Theodore the Branded: Remembering Incarnation on the Third Day of Christmas

This third day of Christmas includes the feast of Saint Theodore the Branded. He and his brother Theophanes had twelve lines of iambic verse burned onto their foreheads with hot irons before being exiled for the second time in their lives as a result of having opposed their second emperor. This ordeal in 836 at the hands of Emporer Theophilos took two days. Theophilos expressly requested that the verse be badly composed but technically correct, and the lines identified them as “wicked vessels of superstitious delusion” who had done “many woeful, shameful and ungodly-minded things” despite being from the holy city of Jerusalem. While traveling in exile with these scars upon their faces, they were thrown into prison in 841 at the town of Apamea (Bithynia), where Theodore died in prison from complications due to his tortures years before.

With Theodore having earned the title “Confessor,” both brothers are also called “Graptus” (or “the Branded”). They were both born in Palestine and received the highest levels of formal education in the most distinguished monasteries where they both became monks and priests. With attacks upon icons taking place for the second time in church history, Patriarch Thomas of Jerusalem sent the brothers to Emperor Leo the Armenian as his best possible representatives for justifying and defending icon veneration.

Saint Theodore the Branded, with his defense of icons and his mutilated face, provides a wonderful opportunity, on the third day celebrating God’s birth, to meditate on the incarnation. Made in the image (or icon) of God, we never see this image fully until the birth of Jesus Christ who shows the icon of God to the world for the first time. With this baby, we finally see both God and humanity, and we learn who we ourselves are only as we gaze upon this first human and divine child. All the defenses of iconography depended on these teachings about the incarnation, whereby God became one of us, a human to be seen and touched and kissed.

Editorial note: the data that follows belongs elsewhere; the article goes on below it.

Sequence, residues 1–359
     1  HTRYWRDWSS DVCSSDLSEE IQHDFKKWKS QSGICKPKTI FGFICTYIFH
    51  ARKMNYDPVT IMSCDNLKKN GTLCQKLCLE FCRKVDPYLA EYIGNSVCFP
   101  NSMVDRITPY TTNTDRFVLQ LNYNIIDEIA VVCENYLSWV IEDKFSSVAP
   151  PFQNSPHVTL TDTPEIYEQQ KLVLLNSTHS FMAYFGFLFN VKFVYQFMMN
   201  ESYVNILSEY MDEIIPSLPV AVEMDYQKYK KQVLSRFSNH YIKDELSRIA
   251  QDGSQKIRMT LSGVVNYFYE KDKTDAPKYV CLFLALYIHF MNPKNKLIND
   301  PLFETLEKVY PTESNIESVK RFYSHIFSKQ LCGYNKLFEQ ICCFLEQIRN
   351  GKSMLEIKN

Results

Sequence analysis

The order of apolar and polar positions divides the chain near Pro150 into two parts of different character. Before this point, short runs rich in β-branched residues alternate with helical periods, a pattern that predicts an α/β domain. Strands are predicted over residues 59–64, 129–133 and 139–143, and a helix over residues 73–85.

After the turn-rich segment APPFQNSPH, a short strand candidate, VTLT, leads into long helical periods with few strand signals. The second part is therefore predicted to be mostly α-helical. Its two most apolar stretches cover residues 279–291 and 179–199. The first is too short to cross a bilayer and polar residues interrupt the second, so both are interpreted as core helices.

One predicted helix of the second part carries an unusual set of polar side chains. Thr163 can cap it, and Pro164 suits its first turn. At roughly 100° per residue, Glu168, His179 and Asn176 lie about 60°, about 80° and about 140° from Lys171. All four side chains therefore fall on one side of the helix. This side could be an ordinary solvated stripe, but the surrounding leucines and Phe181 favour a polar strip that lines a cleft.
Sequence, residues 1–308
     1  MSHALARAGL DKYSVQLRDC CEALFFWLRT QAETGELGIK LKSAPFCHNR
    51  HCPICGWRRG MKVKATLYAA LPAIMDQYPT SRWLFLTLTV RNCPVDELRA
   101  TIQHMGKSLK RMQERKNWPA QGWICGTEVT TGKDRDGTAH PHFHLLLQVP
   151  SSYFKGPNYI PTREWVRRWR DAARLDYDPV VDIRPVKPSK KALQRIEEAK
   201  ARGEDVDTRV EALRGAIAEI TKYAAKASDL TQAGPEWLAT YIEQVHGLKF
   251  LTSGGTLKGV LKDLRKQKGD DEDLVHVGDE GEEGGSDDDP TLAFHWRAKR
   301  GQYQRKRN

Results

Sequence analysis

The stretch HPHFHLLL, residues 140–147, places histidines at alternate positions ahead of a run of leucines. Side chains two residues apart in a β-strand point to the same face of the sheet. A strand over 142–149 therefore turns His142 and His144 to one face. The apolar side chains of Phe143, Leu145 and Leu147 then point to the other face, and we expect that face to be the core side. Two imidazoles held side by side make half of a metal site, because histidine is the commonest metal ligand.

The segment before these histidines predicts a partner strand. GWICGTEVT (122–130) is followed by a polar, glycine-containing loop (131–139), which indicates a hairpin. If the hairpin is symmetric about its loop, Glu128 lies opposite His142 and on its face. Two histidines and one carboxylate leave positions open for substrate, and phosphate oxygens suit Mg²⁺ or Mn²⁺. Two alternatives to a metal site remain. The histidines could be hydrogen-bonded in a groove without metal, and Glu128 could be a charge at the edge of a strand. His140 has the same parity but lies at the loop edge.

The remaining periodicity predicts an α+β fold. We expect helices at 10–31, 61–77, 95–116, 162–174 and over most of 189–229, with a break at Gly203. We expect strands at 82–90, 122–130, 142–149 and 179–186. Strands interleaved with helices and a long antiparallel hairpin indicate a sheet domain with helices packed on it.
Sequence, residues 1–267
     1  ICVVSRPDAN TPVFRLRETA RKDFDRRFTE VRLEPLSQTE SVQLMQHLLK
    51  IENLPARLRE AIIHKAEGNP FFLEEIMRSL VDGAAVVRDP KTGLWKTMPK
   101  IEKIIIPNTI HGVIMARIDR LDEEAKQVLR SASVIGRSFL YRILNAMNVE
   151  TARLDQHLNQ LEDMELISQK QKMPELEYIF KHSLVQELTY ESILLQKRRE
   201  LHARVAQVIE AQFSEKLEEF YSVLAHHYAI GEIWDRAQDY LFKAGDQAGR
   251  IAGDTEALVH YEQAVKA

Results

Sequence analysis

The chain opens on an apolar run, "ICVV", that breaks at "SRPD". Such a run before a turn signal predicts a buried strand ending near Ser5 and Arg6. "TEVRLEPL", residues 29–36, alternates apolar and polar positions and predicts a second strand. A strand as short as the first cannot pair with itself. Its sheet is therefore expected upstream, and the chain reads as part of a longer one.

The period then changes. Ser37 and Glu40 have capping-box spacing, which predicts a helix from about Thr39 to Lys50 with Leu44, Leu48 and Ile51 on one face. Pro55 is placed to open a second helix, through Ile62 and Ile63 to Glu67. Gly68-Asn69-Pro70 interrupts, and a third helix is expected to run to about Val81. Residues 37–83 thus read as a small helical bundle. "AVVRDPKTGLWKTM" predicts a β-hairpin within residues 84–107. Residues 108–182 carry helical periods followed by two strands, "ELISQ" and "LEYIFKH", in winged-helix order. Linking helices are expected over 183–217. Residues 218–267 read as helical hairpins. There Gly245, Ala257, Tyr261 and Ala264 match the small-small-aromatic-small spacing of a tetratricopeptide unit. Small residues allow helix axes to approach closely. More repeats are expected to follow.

In the faithful teachings and maimed faces of Theodore and Theophanes, we have the reminder that God is with us and also that faithfulness to God in our fallen world means standing up to the lies and the power that continue to claim dominance over God’s good creation. We are called with Jesus Christ to show God’s loving presence to a world that rejects God although this means exile and torture. In defense of our ability now to kiss the face of God, these saints suffered the maiming of their own faces.

Shortly after the death of his brother, Theophanes was made Metropolitan of Nicaea by Patriarch Methodius in 842 and administered it until his death in 845. During these last years, Theophanes composed numerous hymns still sung in churches today. For example, “Adam’s Complaint” is the Stichera at the First Vespers of Forgiveness Sunday (or Cheesefare Sunday) which is the final Sunday before the start of Lent. In this hymn, Adam sits disconsolate outside the gates of Eden and weeps over his banishment. At one point, Adam begs the plants within the garden to pray on his behalf:

O most-honored paradise, …beseech the Creator of all, by the tune of the rustling of Thy leaves, to open for me the gates which I closed by sin.

Or in a much wordier translation:

Whisper, with all thy leaves, in cadence faint, / One prayer to Him Who made them all, / One prayer for Adam in his fall!— / That He, Who formed thy gates of yore, / Would bid those gates unfold once more / That I had closed by sin.

This appeal to the flowers and trees—that they would pray on our behalf—also reminds us of the incarnation where our original calling to be icons of God does not set us apart from creation but instead binds us to creation as its beneficiaries and its caretakers. Humans are supposed to perceive God’s presence in all of creation (as Moses did in the burning bush) and also to return God’s blessing and care back upon all of creation. Incarnation is not just a human reality but a reality that touches all creation as it participates in both divine and human life. In this understanding of God’s world, even the trees and grasses can pray on our behalf as we sit penitent and exiled.

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